• Daddy: A truck driver who is gone for long stretches at a time. He is Frannie and Sean’s father, and is always worried about their mother’s health.
  • Trevor: The bully of the sixth grade. He especially hates Jesus boy because he is the only one lighter skinned than Trevor. Since Jesus boy will not identify with being white, Trevor turns upon him.
  • Rayray (Raymond Raysen): Trevor’s partner that at first picks on Jesus Boy because he is afraid of Trevor. Later he realizes that he should not be afraid of Trevor and sticks up for Jesus Boy.
  • Maribel Bagel Tanks: Maribel’s parents own the grocery store in town and charge very high prices. She thinks she is above all the other students because she once went to a private school that is now closed down. Her and Frannie do not get along because Frannie does not allow Maribel to get her way all the time. Maribel especially hates Jesus Boy because he came to her store and paid all in coins.
  • Samantha: Frannie’s best friend that hopes that Jesus Boy is really Jesus coming back to save them. Her father is the pastor at her church, and later when she realizes Jesus Boy is just a boy she questions herself.
  • Grandma: Frannie and Sean's grandmother, who is very religious... Even though she would hit you with a bible if you said something she didn't like.

Major Themes[edit]


The title of the book, Feathers, is a metaphor that the book revolves around. Woodson introduces it through a poem that Frannie reads in class.

Hope is the thing with feathers

that perches in the soul,
And sings the tune-- without the words,

And never stops at all

After reading this, Frannie spends the rest of the book trying to understand hope. How does it have feathers?


The effort to understand one another was the focus of the sixth grade class as soon as Jesus Boy entered their classroom. Through Jesus Boy they realize that even the bully, Trevor, is a normal kid. After the fight Frannie realizes “Even though he was mean all the time, the sun still stopped and colored him and warmed him- like it did to everybody else” (p. 21) Jesus Boy helped the class to stop beating up each other so much and Trevor got scared by him.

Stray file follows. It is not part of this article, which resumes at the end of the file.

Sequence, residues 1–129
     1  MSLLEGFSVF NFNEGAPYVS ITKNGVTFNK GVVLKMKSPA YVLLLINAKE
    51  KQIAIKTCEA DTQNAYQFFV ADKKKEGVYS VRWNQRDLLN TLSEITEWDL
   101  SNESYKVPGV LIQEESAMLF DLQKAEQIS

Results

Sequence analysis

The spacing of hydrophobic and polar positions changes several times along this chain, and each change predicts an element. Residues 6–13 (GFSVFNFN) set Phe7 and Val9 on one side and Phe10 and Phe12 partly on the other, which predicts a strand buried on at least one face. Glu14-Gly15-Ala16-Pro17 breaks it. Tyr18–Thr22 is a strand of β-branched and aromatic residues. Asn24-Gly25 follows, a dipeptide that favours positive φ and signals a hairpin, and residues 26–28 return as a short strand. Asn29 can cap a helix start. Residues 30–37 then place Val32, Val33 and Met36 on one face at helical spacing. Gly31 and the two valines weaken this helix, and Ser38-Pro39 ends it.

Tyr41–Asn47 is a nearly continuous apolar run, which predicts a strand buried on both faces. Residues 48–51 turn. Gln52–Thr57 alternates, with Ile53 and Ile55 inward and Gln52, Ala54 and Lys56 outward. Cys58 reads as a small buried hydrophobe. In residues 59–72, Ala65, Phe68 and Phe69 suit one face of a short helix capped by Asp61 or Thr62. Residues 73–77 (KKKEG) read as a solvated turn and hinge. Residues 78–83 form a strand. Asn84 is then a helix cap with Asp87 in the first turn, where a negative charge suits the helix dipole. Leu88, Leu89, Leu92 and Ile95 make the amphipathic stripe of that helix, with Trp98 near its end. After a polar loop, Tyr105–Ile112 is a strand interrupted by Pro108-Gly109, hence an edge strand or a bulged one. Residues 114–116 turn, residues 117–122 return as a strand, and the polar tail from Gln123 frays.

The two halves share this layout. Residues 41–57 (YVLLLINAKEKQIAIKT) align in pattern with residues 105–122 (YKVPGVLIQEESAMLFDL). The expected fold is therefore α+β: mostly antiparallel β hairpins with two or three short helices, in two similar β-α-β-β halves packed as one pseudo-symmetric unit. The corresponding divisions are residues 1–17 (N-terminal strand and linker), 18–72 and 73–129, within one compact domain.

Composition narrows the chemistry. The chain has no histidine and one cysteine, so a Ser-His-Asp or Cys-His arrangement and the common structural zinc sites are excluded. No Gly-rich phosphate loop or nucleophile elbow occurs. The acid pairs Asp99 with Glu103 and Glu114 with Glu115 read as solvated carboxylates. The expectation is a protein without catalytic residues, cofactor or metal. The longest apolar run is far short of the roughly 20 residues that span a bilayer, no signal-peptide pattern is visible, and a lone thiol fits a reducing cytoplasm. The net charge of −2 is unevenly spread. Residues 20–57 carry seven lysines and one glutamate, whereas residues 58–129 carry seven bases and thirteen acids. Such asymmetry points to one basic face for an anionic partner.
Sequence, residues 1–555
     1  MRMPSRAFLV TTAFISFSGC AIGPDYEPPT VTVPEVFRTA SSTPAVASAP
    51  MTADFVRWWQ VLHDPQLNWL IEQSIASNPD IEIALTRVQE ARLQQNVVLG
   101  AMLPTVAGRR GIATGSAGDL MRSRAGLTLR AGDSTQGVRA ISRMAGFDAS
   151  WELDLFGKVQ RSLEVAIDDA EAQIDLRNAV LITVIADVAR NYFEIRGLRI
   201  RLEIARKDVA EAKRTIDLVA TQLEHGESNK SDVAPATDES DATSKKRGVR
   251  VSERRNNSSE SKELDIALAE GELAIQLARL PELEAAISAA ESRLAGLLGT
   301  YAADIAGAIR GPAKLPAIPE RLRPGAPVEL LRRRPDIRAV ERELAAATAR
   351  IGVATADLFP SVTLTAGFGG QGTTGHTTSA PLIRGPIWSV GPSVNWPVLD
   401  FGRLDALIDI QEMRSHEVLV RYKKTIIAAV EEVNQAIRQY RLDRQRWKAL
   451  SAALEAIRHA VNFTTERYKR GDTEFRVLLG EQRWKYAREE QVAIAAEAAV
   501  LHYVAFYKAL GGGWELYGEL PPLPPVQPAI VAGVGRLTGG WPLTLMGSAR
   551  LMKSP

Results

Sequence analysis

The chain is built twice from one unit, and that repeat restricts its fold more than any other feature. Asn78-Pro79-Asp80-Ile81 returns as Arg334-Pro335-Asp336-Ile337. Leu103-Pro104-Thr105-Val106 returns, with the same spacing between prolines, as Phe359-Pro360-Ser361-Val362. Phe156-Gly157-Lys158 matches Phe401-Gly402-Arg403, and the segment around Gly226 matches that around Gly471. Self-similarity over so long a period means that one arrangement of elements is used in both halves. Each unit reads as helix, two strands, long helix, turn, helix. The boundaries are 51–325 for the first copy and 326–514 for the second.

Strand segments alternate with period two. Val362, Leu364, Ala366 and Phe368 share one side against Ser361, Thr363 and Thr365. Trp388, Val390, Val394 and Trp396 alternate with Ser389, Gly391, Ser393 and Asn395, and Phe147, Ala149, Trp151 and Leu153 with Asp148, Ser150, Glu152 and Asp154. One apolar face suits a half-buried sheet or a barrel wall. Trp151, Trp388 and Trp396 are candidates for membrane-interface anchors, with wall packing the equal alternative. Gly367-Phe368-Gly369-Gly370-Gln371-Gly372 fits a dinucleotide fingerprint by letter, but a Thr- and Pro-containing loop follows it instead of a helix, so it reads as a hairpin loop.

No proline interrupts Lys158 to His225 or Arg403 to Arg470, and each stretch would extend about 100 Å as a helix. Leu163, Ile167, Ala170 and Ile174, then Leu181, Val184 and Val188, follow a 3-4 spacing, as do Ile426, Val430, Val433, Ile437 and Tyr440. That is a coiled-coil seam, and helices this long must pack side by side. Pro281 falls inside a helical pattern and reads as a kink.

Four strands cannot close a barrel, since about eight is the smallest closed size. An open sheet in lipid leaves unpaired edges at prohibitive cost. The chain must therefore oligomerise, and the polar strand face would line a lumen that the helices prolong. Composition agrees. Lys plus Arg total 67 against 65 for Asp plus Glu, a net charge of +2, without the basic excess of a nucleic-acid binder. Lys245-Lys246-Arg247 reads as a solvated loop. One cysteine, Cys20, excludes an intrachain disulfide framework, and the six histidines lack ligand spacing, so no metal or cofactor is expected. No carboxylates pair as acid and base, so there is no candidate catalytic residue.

Frannie’s older brother is deaf and this is a source of tension throughout the story. Frannie feels compelled to protect her brother in a world of people who do not understand him. One difficulty Sean encounters is girls being attracted to him until they find out he is deaf. Woodson stated in an interview with NPR that she made Sean deaf in order to humanize the deaf.[2] One scene in the book that does this well is when Frannie asks Sean what a guitar sounds like, a game they play with one another. His sign back is Like rain. Coming down real soft when it’s warm out and you only get a little wet but not cold. That kind of rain.


Feathers was well received by critics and the public alike. The book won the Newberry Honor award in 2008.[1] Robin Smith, of Book Page, said that the book filled him with "joy and hope."[3] Norah Piehl, of Kids Reads, reviewed the book saying, "Set against the music, politics and conflicts of the early 1970s, Jacqueline Woodson's exceptional new novel grounds universal ideas in a particular time and place."[4] Matt Berman, of Common Sense Media stated the book is beautifully written, lyrical, thoughtful, at times even wise and that it will also be loved by adults.[5] One reviewer raved about the book but said “While the subject matter isn’t as controversial as some of Woodson’s others it might lead a child living in today’s society to have questions about race, segregation and religion”.[6]

Overall, the book gets mostly high praise, and Jacqueline Woodson is hailed for her beautiful style of writing. One fan says Woodson writes “pages of poetry” and “without any heavy-handedness or manipulation”.[7]

Other books by Woodson[edit]

Jaqueline Woodson has written 29 books spanning from picture books to young adult fiction.[8] Her books have received numerous awards such as the Caldecott Honor, Newbery Honor, and the Coretta Scott King Award. Feathers most resembles her novel Locomotion in which she “tackled grief, trauma, death survival, and hope”.[7] all in a very short book. Feathers is also short but addresses big concepts of “hope, healing, faith, and understanding”.[7] Both of the books are around 115 pages and adequately handle their difficult topics.


  1. ^ a b "Newbery Medal and Honor Book List". Association for Library Service to Children. Retrieved March 12, 2012. 
  2. ^ [culture.https://www.npr.org/books/authors/138262577/jacqueline-woodson "'Feathers' Looks to Sixth Grade for Life's Lessons"]. NPR. Retrieved March 15, 2012. 
  3. ^ Book Page
  4. ^ Kids Reads
  5. ^ Common Sense Media
  6. ^ "Feathers". Mahasin in the Morning. Retrieved March 15, 2012. 
  7. ^ a b c Sawyer, Jenny. "'Feathers' Offers Reasons to Hope". Powell's Books. Retrieved March 16, 2012. 
  8. ^ "Transcript from an interview with Jacqueline Woodson". Reading Rockets. Retrieved 20 March 2012.